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JavaScript Const

Cannot be Reassigned

A const variable cannot be reassigned:

Example

<!DOCTYPE html>

<html>

<body>

<h2>JavaScript const</h2>

<p id=”demo”></p>

<script>

try {

  const PI = 3.141592653589793;

  PI = 3.14;

}

catch (err) {

 document.getElementById(“demo”).innerHTML = err;

}

</script>

</body>

</html>

Output

JavaScript const

Must be Assigned

JavaScript const variables should be assigned a value when they are declared:

Correct

const PI = 3.14159265359;

Incorrect

const PI;

PI = 3.14159265359;

Constant Objects and Arrays

The keyword const is a little misleading.

A constant value is not defined. It specifies a constant reference to a value.

Because of this you can NOT:

  • Reassigning a constant value.
  • Reassigning a constant array.
  • Reassigning a constant object.

But you CAN:

  • Changing the elements of constant array.
  • Changing the properties of constant object.
  • Constant Arrays.

Constant Arrays

The elements of a constant array can be changed:

Example

<!DOCTYPE html>

<html>

<body>

<h2>JavaScript const</h2>

<p>Declaring a constant array does NOT make the elements unchangeable:</p>

<p id=”demo”></p>

<script>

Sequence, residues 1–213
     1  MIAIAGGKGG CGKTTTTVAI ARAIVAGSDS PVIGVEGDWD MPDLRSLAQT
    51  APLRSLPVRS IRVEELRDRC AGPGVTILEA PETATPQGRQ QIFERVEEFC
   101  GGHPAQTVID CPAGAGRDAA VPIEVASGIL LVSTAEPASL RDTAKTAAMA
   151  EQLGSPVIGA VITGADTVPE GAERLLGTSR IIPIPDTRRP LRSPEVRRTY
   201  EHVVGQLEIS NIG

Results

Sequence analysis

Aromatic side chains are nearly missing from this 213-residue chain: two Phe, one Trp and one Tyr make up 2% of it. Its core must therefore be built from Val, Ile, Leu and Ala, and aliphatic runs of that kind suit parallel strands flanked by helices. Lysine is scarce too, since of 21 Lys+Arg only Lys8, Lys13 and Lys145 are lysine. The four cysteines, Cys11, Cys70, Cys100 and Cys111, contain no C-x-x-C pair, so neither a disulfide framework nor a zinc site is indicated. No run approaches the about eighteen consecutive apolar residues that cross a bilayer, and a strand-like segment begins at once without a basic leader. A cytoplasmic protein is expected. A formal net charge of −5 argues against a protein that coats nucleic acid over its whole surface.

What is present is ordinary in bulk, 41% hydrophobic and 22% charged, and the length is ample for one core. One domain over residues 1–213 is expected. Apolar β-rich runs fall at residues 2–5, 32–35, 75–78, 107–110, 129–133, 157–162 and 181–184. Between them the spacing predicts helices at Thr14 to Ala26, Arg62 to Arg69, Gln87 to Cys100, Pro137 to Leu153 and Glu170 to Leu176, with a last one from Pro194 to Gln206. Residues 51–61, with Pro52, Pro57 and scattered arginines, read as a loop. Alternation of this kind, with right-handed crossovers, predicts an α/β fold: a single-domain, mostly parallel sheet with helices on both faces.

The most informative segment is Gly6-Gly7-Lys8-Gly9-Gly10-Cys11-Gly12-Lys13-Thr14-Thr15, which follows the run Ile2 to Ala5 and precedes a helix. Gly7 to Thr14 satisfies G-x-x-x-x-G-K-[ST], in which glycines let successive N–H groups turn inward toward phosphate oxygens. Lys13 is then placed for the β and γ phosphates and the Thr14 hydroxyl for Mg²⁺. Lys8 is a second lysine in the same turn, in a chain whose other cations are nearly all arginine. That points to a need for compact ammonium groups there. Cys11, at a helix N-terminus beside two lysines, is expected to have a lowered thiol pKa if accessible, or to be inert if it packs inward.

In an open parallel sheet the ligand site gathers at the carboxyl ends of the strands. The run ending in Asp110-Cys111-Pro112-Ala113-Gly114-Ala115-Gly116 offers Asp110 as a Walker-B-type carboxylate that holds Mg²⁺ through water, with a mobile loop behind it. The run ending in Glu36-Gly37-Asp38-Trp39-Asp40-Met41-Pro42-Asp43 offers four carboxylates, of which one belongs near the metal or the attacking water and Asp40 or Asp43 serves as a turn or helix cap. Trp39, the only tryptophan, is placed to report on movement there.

// Create an Array:

const cars = [“Saab”, “Volvo”, “BMW”];

// Change an element:

cars[0] = “Toyota”;

// Add an element:

cars.push(“Audi”);

// Display the Array:

document.getElementById(“demo”).innerHTML = cars;

</script>

</body>

</html>

Output

JavaScript const

Declaring a constant array does NOT make the elements unchangeable:

Toyota,Volvo,BMW,Audi

But the array cannot be reassigned:

Example

<!DOCTYPE html>

<html>

<body>

<h2>JavaScript const</h2>

<p>You can NOT reassign a constant array:</p>

<p id=”demo”></p>

<script>

try {

  const cars = [“Saab”, “Volvo”, “BMW”];

  cars = [“Toyota”, “Volvo”, “Audi”];

}

catch (err) {

document.getElementById(“demo”).innerHTML = err;

}

</script>

</body>

</html>

Output

JavaScript const

You can NOT reassign a constant array:

Constant Objects

The properties of a constant object can be changed:

Example

<!DOCTYPE html>

<html>

<body>

 

<h2>JavaScript const</h2>

 

<p>Declaring a constant object does NOT make the objects properties unchangeable:</p>

<p id=”demo”></p>

<script>

// Create an object:

const car = {type:”Fiat”, model:”500″, color:”white”};

// Change a property:

car.color = “red”;

// Add a property:

car.owner = “Johnson”;

// Display the property:

document.getElementById(“demo”).innerHTML = “Car owner is ” + car.owner;

</script>

</body>

</html>

Output

JavaScript const

Declaring a constant object does NOT make the objects properties unchangeable:

Car owner is Johnson

The object cannot be reassigned :

Example

<!DOCTYPE html>

<html>

<body>

<h2>JavaScript const</h2>

<p>You can NOT reassign a constant object:</p>

<p id=”demo”></p>

<script>

try {

  const car = {type:”Fiat”, model:”500″, color:”white”};

car = {type:”Volvo”, model:”EX60″, color:”red”};

}